We’re in the same storm, just in different boats

04 February 2021

How have cost containment considerations in the light of COVID-19 affected the landlord-occupier relationship?

Myriad references to cost containment in the real estate world have been focussed on mitigating the pandemic’s impact on occupier organisations. Whether nationally recognised brand or small independent, occupier challenges around cash flow, cost mitigation, only necessary expenditure, redundancies, cost of making workplaces safe and accessible or staff retention have been prevalent. While these conversations have their rightful place, we cannot forget that the disruption of 2020 impacted landlords and investors too.

Last year, many investor landlords faced disruption at a scale never seen before; managing the practical closure of their assets, mitigating notable security and safety concerns, as well as facing challenges around fulfilling practical and contractual obligations to insurance companies (inspections and plant checks for example). Landlords of all shapes and sizes have had little or no respite from lenders where they have borrowings (i.e. a mortgage) against their properties. Many smaller landlords can often be very highly geared and were therefore highly exposed to defaulting on their own contractual obligations. For those with developments underway, realistic timeframes were torn to shreds and the cost implications of delays will likely destroy anticipated returns.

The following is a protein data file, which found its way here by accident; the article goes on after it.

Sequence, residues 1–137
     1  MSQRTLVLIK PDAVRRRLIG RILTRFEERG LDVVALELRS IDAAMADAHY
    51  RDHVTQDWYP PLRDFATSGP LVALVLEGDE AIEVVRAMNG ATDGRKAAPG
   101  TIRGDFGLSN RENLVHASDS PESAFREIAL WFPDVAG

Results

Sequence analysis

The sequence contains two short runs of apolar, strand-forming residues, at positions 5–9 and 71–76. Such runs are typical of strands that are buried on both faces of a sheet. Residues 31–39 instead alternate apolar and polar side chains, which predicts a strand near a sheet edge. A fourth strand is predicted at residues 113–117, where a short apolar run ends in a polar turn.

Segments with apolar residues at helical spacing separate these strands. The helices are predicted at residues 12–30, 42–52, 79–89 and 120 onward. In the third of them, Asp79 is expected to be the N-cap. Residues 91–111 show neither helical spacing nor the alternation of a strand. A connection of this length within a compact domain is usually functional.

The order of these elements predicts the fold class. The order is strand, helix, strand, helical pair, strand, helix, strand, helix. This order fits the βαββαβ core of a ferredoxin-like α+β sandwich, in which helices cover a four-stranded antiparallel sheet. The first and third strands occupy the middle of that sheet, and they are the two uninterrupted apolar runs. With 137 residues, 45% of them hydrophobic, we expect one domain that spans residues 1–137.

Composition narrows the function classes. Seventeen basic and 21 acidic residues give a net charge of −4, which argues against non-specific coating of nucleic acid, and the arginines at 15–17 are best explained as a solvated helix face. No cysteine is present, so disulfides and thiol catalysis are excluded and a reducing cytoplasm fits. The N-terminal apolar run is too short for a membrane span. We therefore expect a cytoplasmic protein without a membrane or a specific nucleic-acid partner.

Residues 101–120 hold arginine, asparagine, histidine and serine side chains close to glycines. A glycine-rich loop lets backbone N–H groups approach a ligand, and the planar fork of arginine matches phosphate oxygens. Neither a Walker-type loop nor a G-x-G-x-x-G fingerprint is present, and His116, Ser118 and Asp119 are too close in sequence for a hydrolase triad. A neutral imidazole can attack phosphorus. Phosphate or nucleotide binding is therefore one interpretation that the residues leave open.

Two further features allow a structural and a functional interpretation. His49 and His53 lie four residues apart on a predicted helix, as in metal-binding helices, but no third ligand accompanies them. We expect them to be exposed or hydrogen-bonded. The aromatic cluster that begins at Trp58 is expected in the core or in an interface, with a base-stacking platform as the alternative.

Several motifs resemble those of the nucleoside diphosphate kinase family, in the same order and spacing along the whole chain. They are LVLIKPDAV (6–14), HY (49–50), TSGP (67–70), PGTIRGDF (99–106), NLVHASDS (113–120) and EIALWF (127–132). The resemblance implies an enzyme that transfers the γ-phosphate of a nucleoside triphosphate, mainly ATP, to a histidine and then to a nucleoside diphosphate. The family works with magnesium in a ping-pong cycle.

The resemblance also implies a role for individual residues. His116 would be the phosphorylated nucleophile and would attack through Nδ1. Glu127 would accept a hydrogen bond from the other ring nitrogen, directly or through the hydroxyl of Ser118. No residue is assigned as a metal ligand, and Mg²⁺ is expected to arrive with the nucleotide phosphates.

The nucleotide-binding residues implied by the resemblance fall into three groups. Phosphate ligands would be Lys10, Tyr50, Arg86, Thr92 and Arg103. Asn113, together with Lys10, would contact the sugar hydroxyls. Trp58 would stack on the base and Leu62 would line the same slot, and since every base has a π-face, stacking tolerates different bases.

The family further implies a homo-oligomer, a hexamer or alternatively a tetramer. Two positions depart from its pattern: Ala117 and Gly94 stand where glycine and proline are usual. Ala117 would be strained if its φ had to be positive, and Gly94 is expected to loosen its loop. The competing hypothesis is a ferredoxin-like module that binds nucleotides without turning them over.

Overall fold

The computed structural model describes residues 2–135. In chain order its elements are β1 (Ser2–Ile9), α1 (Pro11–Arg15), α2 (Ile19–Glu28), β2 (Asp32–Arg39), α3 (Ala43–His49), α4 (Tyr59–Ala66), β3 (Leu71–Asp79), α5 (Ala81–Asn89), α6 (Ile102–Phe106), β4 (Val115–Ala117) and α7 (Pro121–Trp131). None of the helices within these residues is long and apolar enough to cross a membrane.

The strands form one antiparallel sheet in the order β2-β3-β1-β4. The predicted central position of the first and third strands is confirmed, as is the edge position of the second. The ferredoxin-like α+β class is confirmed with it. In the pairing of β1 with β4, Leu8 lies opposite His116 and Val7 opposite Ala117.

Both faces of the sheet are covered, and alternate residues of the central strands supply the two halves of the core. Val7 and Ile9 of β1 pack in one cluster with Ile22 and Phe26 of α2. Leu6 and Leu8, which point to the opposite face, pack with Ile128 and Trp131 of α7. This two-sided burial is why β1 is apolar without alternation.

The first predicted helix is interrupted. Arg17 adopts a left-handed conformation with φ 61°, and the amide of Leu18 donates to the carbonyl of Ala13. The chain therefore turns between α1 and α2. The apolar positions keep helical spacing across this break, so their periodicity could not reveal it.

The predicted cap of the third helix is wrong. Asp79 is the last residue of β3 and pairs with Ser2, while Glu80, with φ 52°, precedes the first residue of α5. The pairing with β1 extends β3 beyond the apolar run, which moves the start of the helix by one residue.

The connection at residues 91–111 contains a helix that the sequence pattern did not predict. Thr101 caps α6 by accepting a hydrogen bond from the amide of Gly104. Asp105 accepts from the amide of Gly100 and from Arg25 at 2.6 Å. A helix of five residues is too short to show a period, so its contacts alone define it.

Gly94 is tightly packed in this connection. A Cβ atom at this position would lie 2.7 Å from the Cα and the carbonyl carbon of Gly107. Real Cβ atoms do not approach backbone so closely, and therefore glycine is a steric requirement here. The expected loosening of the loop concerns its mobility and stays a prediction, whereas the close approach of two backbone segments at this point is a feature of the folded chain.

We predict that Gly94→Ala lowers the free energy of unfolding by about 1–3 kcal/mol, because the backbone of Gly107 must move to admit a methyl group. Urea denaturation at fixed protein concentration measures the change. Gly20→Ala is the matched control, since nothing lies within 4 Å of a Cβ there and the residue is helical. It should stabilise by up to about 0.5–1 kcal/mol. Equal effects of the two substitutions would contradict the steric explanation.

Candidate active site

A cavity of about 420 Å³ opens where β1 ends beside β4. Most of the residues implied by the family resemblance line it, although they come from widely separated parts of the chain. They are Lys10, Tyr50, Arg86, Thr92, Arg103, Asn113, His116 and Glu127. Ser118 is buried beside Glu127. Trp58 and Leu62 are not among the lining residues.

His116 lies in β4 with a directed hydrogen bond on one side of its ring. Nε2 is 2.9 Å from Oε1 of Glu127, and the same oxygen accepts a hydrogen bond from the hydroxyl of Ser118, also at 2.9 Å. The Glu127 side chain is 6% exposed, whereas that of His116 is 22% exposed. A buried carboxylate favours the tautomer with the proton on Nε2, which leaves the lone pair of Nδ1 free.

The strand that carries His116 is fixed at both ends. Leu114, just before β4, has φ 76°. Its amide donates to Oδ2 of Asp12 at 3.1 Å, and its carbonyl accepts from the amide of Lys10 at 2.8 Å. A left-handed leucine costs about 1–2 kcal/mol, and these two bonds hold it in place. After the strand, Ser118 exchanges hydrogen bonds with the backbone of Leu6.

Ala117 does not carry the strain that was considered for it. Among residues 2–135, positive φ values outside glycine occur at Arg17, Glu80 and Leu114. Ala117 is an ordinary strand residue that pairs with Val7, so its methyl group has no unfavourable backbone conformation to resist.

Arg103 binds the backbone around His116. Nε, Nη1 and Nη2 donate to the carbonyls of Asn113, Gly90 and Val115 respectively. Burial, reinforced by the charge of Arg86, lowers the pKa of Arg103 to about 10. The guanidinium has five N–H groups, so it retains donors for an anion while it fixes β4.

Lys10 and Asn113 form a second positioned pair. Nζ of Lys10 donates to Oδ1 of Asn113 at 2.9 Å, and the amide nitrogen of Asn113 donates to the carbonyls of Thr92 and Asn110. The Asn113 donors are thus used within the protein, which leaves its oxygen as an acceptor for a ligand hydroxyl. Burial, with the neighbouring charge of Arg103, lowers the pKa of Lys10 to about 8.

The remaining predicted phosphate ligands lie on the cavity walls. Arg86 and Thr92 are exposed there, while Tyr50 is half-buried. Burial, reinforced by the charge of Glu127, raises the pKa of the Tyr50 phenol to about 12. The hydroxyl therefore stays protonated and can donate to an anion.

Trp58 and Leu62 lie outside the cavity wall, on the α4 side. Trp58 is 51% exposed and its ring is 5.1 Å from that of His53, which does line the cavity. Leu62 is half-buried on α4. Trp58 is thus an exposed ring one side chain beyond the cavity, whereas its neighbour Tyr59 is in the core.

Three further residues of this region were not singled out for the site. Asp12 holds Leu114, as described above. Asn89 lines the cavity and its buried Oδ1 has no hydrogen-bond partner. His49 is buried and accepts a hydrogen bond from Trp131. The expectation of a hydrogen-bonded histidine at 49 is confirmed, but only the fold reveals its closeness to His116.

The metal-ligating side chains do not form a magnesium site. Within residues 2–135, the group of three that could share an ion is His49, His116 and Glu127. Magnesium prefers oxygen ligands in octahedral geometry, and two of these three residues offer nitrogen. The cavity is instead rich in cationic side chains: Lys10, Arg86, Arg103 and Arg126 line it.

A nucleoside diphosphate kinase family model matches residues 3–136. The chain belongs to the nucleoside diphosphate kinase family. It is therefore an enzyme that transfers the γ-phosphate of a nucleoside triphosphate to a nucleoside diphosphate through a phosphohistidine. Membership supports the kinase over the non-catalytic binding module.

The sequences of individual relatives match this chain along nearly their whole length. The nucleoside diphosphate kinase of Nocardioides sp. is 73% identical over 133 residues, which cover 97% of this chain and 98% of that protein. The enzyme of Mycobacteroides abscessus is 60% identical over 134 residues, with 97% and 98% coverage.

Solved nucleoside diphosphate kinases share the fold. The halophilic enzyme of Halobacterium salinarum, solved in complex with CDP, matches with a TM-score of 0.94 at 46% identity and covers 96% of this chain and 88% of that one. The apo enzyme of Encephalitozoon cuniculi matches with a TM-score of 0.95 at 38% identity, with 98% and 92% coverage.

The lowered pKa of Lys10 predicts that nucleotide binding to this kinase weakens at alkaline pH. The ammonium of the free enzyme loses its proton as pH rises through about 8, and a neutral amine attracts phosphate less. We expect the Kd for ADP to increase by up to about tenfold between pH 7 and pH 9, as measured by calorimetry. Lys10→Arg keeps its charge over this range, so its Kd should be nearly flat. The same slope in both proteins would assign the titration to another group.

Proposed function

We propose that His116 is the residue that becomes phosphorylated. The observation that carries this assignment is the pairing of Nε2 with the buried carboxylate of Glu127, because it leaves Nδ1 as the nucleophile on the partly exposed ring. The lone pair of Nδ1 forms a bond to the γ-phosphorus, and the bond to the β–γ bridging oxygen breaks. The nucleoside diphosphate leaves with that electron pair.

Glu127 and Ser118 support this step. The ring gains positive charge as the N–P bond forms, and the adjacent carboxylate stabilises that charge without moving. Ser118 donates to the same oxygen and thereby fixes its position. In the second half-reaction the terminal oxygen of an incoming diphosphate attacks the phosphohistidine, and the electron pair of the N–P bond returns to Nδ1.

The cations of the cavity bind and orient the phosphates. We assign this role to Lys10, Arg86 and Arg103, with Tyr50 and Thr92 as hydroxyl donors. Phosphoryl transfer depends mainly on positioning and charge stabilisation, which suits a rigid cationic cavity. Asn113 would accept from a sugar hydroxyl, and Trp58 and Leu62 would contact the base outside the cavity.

Cash management has been king for all

Landlords have had to perform a balancing act of needing to use incoming cash to pay interest on their loans and funding service charge voids with other ongoing and unavoidable costs. Many investors with hospitality led propositions faced particular challenges, from complete closure to enabling servicing and alternative operating mechanisms where feasible.